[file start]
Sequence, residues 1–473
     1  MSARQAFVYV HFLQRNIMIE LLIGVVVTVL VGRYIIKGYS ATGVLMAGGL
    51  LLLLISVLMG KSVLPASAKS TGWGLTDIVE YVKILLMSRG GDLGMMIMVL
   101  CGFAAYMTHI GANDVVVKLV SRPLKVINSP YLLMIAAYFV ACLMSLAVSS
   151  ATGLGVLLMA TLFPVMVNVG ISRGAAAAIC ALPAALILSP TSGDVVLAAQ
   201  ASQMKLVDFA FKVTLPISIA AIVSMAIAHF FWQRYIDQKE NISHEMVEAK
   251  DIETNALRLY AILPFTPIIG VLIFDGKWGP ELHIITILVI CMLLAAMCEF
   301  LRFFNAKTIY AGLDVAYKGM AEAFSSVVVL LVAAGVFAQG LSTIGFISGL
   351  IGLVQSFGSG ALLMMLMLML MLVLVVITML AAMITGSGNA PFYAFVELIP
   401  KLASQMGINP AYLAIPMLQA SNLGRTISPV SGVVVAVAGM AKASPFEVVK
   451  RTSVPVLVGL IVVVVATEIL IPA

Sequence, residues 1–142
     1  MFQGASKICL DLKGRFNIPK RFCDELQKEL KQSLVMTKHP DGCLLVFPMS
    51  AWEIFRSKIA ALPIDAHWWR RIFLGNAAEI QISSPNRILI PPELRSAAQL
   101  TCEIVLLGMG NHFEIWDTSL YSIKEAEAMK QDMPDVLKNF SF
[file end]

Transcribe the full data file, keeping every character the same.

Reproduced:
Sequence, residues 1–473
     1  MSARQAFVYV HFLQRNIMIE LLIGVVVTVL VGRYIIKGYS ATGVLMAGGL
    51  LLLLISVLMG KSVLPASAKS TGWGLTDIVE YVKILLMSRG GDLGMMIMVL
   101  CGFAAYMTHI GANDVVVKLV SRPLKVINSP YLLMIAAYFV ACLMSLAVSS
   151  ATGLGVLLMA TLFPVMVNVG ISRGAAAAIC ALPAALILSP TSGDVVLAAQ
   201  ASQMKLVDFA FKVTLPISIA AIVSMAIAHF FWQRYIDQKE NISHEMVEAK
   251  DIETNALRLY AILPFTPIIG VLIFDGKWGP ELHIITILVI CMLLAAMCEF
   301  LRFFNAKTIY AGLDVAYKGM AEAFSSVVVL LVAAGVFAQG LSTIGFISGL
   351  IGLVQSFGSG ALLMMLMLML MLVLVVITML AAMITGSGNA PFYAFVELIP
   401  KLASQMGINP AYLAIPMLQA SNLGRTISPV SGVVVAVAGM AKASPFEVVK
   451  RTSVPVLVGL IVVVVATEIL IPA

Sequence, residues 1–142
     1  MFQGASKICL DLKGRFNIPK RFCDELQKEL KQSLVMTKHP DGCLLVFPMS
    51  AWEIFRSKIA ALPIDAHWWR RIFLGNAAEI QISSPNRILI PPELRSAAQL
   101  TCEIVLLGMG NHFEIWDTSL YSIKEAEAMK QDMPDVLKNF SF